Finding success in succession planning

Ensuring that your investment management firm outlives your tenure can be a daunting prospect, but even legendary investors such as Warren Buffet have to tackle the issue eventually, and doing so correctly will secure the future of your organization. 

It's easy to make mistakes when succession planning. You're giving up control, and who else can maintain the business as well as you can? It's something that many business owners have to deal with eventually though, and the ownership baton has been passed successfully before. So as an executive, or even department head, at an investment management firm how do you determine the best path to succession? It isn't just a plan, it is an art.

"How do you determine the best path to succession? It isn't just a plan, it is an art."

Warren Buffet, the legendary investor of Berkshire Hathaway, has been in the midst of his own succession planning process. Lawrence Cunningham literally wrote the book on Buffet's succession plan, and he noted that it is split into five parts – three involving personnel, one involving culture and another detailing institutional ownership.

As far as personnel goes, Buffet's managerial roles will be split into investment and executive functions. The successor recruiting network will likely consist of internal executives, probably from one of Berkshire Hathaway's direct subsidiaries. Buffet has stated that leadership roles work better in tandem, and that partnerships are likely, such as the one between him and Vice Chairman Charles Munger. Berkshire has already employed two persons to handle investments, and Buffet has stated himself that he'd like the chairman of the board to be a family member.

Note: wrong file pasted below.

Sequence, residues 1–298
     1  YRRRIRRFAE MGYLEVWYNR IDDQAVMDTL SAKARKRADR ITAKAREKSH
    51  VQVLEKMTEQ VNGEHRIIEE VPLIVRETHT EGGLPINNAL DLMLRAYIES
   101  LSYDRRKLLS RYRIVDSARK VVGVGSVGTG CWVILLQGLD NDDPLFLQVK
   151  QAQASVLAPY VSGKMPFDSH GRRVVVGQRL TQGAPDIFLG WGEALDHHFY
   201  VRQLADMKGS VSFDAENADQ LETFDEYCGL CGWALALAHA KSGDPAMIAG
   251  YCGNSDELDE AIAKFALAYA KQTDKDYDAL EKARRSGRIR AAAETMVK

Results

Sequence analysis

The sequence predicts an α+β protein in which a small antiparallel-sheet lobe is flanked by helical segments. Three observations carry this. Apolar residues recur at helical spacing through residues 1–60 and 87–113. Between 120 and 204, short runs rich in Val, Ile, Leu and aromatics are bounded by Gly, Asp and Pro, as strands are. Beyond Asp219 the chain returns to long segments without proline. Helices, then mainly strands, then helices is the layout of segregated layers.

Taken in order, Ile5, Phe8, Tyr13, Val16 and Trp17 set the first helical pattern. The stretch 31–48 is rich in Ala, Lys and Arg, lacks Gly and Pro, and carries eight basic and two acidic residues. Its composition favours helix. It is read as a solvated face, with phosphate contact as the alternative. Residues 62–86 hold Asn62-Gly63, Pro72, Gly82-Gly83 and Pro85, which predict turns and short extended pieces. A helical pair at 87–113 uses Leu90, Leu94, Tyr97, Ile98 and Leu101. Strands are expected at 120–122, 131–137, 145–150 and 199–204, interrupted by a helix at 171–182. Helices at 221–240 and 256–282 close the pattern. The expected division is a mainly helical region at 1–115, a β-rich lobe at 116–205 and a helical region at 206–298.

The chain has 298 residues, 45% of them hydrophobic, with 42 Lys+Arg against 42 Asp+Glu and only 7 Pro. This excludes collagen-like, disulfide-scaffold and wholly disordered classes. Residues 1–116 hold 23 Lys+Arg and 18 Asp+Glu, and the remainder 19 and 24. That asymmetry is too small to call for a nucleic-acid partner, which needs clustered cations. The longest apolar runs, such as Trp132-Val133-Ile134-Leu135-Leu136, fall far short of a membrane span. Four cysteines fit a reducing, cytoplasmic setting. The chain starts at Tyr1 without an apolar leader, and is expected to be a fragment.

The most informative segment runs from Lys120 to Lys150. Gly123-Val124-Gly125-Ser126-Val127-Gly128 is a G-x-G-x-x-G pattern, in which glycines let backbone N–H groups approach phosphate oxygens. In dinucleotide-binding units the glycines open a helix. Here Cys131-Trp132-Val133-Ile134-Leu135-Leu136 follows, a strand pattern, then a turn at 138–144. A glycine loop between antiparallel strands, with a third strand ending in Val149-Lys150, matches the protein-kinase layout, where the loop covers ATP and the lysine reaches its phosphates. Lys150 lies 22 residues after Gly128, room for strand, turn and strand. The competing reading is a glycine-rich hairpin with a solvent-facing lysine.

It's more than the people, it is the culture 
But the succession plan at Berkshire goes deeper than that. More important than ownership of subsidiaries of executive personnel to Berkshire is its culture. When Buffet leaves, the goal of the succession plan is to keep alive the culture that has been maintained at the company during his time at the helm. For example, part of the culture of Berkshire is the importance of subsidiaries. One hasn't been sold off in some 40 years due to Buffet's insistence on maintaining a specific culture.

He tells subsidiary CEOs to run their business's as if they were their families' sole asset. This has kept up the impression that Berkshire and it's subsidiaries are "eternal." It is culture quirks such as this that keep an organization going long after it's founder is gone, at least in Buffet's mind – and why not trust one of the great investors of our time? He's sure to know a thing or two about keeping a business going.